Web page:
Iran, in response to Saudi Arabia’s support, called the Lebanese militia backed by it to join the war in Syria, named “Hezbollah.” Saudi Arabia, upset by Iran’s move, started funding the rebels twice as much as they did earlier. This time, Jordan started opposing the Assad regime.
AMERICAN INTERVENTION IN THE SYRIAN CIVIL WAR:
Barack Obama, the former president of the United States, was horrified after he heard that Assad used chemical weapons on his own people. The whole world condemned this inhuman act. The US threatened Assad of conducting a military strike against him.
Three days later, Russia urged Assad to give up all his chemical weapons to avoid any such horrible incidents in the future. The US-backed down, but Assad still had most of Rusia’s support. In response, the USA sent CIA agents to train the rebels in Syria to fight. Thus, the US officially becomes a part of the Syrian Civil War.
THE BIRTH OF ISIS
In 2014, the course of this war completely changed when a group of fighters from an Al-Qaeda affiliate group, based mostly in Iraq, left due to mutual disagreements. The group was called the Islamic State of Iraq and Syria (ISIS), or Daesh according to the Arab world. They conquered the north-eastern part of Syria and most parts of Iraq, calling it as its Caliphate. This group was led by Abu Bakr Al Baghdadi, who was recently assassinated by the US forces.
The ISIS wanted to overthrow Assad and wanted their Caliph, Abu Bakr Al Baghdadi to take Syrian matters into his own hands. It also fought other rebel groups like the Kurds in the northern part of Syria and its nemesis, Jabhat Al-Nusra. This group also attacked anyone who didn’t believe in its ideologies, whether Muslim or not.
The US, under Obama’s administration, fixated on carrying out air-strikes in regions where Assad had control over and was also planning to eliminate Assad. In 2014, after carrying out the air-strikes and almost killing Assad, the US quickly shifted its focus to fighting the ISIS, as it proved to be a threat to the entire world. The US launched special programs to train the rebels who are willing to fight against the ISIS and not Assad.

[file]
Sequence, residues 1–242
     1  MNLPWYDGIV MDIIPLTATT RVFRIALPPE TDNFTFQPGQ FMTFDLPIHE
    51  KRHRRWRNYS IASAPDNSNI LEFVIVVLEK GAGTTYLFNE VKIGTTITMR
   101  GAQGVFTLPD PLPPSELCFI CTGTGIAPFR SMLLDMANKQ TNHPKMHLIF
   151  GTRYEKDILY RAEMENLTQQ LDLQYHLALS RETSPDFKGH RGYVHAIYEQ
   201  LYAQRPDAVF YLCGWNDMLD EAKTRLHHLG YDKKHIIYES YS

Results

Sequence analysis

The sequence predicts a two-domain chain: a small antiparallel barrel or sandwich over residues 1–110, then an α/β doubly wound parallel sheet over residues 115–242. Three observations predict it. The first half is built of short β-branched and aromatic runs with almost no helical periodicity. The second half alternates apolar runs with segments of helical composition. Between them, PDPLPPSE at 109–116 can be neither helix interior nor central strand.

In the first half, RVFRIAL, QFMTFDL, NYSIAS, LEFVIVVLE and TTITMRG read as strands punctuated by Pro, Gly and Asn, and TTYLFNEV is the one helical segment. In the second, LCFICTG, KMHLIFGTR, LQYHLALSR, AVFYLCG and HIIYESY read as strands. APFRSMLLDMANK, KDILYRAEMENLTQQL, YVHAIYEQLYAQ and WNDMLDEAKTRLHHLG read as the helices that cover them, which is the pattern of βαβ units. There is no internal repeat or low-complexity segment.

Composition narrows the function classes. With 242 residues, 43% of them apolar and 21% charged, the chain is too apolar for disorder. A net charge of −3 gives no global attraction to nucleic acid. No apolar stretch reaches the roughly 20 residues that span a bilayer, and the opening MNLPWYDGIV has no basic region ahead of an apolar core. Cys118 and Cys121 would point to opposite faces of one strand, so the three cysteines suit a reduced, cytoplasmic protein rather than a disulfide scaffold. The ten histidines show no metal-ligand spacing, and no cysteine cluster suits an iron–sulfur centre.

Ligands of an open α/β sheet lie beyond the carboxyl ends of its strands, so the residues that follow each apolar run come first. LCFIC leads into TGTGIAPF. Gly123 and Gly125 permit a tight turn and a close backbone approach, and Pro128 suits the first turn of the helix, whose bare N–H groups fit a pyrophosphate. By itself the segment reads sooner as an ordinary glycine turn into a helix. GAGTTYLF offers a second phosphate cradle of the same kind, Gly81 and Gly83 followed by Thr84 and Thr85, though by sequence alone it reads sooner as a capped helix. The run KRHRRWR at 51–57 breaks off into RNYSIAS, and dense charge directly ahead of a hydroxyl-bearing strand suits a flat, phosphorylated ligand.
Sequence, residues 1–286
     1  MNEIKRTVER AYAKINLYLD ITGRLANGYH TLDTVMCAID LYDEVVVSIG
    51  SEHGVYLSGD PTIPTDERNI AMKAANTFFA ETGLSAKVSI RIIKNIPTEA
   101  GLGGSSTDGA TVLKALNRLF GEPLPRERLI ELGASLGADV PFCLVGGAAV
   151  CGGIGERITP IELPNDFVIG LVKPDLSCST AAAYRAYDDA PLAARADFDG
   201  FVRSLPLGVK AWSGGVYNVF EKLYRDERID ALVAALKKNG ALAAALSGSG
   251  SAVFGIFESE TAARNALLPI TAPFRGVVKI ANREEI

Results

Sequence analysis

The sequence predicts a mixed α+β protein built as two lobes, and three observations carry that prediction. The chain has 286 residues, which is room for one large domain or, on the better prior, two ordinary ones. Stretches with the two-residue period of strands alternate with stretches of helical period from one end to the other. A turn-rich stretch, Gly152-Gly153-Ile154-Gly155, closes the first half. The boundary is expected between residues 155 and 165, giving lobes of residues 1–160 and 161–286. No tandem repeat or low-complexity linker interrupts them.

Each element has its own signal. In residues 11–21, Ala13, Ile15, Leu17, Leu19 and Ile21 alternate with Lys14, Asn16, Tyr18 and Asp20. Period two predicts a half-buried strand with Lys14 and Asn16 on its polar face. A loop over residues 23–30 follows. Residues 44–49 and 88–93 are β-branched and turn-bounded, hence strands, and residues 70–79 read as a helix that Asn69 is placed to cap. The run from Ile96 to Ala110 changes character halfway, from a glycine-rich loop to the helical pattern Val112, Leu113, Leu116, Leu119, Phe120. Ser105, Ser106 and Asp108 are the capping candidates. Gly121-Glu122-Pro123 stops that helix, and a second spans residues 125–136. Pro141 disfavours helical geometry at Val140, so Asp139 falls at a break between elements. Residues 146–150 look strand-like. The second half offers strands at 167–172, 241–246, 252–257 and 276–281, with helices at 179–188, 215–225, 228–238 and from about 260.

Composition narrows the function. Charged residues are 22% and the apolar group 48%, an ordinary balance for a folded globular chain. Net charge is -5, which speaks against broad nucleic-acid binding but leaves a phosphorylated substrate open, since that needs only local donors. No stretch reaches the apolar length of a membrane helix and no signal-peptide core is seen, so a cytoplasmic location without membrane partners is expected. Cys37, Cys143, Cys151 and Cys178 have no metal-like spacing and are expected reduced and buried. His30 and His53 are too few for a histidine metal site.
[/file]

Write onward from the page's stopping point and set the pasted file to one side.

THE TURKISH PROBLEM
The Kurds or the YPG were among the rebel groups who were fighting against the ISIS. The YPG is a division of an internationally recognized terrorist group, housed in southern Turkey. Turkey happens to despise them.
The YPG made gains with the US and the US started funding them to fight Daesh. They also supplied ammunition to them. This infuriated Turkey. As a result, Turkey started bombing the YPG. In response to the Turkish attacks, the US renamed the YPG to Syrian Democratic Forces (SDF) and also included other groups rebel groups into it.
RUSSIAN INTERVENTION IN THE SYRIAN CIVIL WAR
Russia has pretty diplomatic ties with the Assad government. Syria is a major buyer of Russian petroleum and other goods. Another reason was, Syria identifies itself as a socialist nation.
Russia intervened in the Syrian civil war on the pretext that it meant to fight the ISIS. It started providing the SAA its air-force and a lot of arsenals. However, Russia was found to support Assad’s forces rather than fighting ISIS. Airstrikes conducted by the Russians were mostly targeted at the regions where the rebels funded by the US were in control.
With the help of Russia, pro-Assad forces were able to bomb many notable places to put pressure on the oppositions. This weakened the FSA but gave the YPG, Daesh and the SAA the upper hand in the war. Thus, Turkey entered the northern part of Syria to eliminate the threat that Daesh and YPG posed to them.
At the same time, many rebel groups in Iraq and Syria, including the SAA, turned their attention to Daesh. Along with the foreign intervention, they could restrict Daesh to a small area in Syria. The US was successful in assassinating the Caliph, Abu Bakr Al Baghdadi in 2019. However, the war still goes on, with no signs of ever stopping.
The Syrian civil war is a classic example of what a country would endure if the government is dysfunctional. Civilians are dying at the expense of the powerful. Over 600,000 civilians have died due to frequent bombings, mass shootings and chemical attacks. Just imagine! How cruel can a person be who attacks his own people with nerve toxins? This war, unfortunately, is not going to end anytime soon. The only way it could end is the Assassination of Assad. But that would probably cause a third world war. All we can do is pray for and support the civilians in every way possible.